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when we must act. In this situation, what should sane and responsible
citizens do?
Should we simply give up and go with the flow? Should we accept
an intolerable reality because it is so difficult to fight against it, and
more strangely, because even a victory would come too late? Not at all.
Looking back at the era of slavery, how tolerant are we of a hypotheti-
cal slaveholder who argued that because liberating his slaves wouldn't
change the system overall, there would be no point in doing so? Or look-
ing back at Nazi Germany, would we accept the plea of a citizen who
claimed she cooperated with the policy of extermination because it was
not in her power to buck the system? Do we accept excuses like this? No,
we don't. The American refusal of the Nuremberg defense during the war
trials shortly after World War II says it all: evil action, even when commit-
ted under orders, is not acceptable.
Our thoughts in this regard say a lot about what we value. We affirm
the necessity to act justly even if doing so requires us to risk our lives.
We also affirm that we must do so even if there are no guarantees that
our action will lead to the results we desire. The same is especially true
in a situation of dire extremity, when the future of civilization seems to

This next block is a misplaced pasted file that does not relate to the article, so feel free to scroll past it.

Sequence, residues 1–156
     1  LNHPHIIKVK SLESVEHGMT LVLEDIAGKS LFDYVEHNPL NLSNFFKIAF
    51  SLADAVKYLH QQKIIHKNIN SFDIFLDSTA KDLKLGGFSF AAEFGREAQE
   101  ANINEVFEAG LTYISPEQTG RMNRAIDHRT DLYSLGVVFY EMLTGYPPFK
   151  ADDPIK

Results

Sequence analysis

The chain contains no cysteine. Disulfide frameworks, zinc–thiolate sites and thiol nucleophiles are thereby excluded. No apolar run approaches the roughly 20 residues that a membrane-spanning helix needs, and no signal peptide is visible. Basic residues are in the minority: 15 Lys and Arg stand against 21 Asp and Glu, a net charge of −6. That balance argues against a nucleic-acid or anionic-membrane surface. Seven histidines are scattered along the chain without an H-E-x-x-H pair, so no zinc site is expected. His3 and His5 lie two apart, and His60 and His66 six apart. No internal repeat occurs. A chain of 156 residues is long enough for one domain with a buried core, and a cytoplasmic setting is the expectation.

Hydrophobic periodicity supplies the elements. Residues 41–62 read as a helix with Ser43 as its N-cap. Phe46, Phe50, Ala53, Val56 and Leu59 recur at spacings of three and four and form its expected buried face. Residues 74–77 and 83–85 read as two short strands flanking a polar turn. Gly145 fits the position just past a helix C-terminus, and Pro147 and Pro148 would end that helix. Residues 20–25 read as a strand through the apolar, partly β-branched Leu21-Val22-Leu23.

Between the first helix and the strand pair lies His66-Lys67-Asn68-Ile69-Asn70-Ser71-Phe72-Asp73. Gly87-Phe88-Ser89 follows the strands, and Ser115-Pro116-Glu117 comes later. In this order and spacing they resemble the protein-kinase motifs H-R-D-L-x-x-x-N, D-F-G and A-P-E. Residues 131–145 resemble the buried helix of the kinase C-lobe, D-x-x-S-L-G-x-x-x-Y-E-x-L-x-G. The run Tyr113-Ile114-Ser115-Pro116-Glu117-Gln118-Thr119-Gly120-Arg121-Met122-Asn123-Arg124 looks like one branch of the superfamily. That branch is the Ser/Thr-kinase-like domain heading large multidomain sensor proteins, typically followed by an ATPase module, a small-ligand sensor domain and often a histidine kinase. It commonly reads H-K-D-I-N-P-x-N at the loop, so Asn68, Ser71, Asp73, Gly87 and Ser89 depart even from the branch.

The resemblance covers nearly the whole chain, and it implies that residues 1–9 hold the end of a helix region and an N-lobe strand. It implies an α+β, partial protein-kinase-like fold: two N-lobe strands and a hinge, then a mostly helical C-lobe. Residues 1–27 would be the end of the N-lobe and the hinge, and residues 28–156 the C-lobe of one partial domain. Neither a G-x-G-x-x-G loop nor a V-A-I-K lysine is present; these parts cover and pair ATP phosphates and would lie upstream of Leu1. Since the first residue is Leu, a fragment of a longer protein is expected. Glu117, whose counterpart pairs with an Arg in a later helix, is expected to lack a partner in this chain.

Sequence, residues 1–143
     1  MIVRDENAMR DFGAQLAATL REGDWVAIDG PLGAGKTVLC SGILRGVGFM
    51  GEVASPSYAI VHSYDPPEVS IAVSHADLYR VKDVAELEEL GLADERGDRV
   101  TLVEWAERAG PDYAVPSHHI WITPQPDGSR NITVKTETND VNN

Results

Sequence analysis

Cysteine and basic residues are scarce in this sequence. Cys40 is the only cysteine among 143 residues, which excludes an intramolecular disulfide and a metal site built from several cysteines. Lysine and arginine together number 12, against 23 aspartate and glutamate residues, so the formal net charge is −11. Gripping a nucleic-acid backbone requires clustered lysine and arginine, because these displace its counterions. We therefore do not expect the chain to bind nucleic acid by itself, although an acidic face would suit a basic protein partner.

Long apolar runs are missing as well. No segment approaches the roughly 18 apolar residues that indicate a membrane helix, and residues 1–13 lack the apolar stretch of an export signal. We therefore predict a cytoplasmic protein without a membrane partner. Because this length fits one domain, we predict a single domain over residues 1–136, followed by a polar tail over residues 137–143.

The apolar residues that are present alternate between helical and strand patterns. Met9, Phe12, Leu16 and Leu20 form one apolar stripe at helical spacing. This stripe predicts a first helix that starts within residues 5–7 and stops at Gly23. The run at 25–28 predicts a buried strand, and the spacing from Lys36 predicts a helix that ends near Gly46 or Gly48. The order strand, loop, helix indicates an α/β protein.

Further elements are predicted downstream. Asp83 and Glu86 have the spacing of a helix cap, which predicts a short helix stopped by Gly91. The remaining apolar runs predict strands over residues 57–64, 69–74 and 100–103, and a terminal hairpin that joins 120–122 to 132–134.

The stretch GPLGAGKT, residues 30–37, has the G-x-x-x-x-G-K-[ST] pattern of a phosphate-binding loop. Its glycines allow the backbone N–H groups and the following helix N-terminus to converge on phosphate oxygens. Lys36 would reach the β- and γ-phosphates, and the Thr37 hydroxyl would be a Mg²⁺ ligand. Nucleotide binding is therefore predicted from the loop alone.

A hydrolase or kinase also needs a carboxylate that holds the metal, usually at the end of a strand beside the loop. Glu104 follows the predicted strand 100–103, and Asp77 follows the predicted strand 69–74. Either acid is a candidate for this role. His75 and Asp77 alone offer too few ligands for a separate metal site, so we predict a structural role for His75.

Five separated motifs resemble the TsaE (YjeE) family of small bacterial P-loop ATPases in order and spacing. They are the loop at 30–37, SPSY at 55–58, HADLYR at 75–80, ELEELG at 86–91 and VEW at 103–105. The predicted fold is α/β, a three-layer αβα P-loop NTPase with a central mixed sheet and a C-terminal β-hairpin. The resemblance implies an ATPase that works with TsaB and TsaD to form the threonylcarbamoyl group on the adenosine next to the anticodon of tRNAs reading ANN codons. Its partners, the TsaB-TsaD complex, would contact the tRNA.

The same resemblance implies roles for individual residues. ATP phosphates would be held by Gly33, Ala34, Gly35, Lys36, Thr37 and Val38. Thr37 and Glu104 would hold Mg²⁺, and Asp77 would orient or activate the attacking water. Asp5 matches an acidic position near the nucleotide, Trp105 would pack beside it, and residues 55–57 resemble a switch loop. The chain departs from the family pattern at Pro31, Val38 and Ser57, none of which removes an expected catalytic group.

be at stake, when nobody knows whether the future for which we sacri-
fice ourselves will even come to pass. Judging by our response in these
examples, it's clear that for us, just action is never about calculating the
consequences, but about doing the right thing, just because it is right .
If that is the case, we don't really follow Aristotle at all. For us, politics
is really the art of the im possible. If we do not wish to use the equiva-
lent of the Nuremberg defense, we have to admit that even if a revolution
against the current system seems to be impossible, we must fight for it any-
way. We must act, and we must act now. We owe the Earth and future gen-
erations far too much to pursue only reasonable actions, only strategies
that have a high probability of success. Instead of complying with con-
ventional wisdom, we must transform it, reconceiving as well of familiar
understandings of self-interest. The crisis of our time is unprecedented; our
response must be so too . We must have the courage to break our society's
taboos, to crack open the conventions of our political life, to expose the
fundamental illegitimacy of any government that belitles the future of
the biosphere. If this demand requires us to gather in vast crowds to hold
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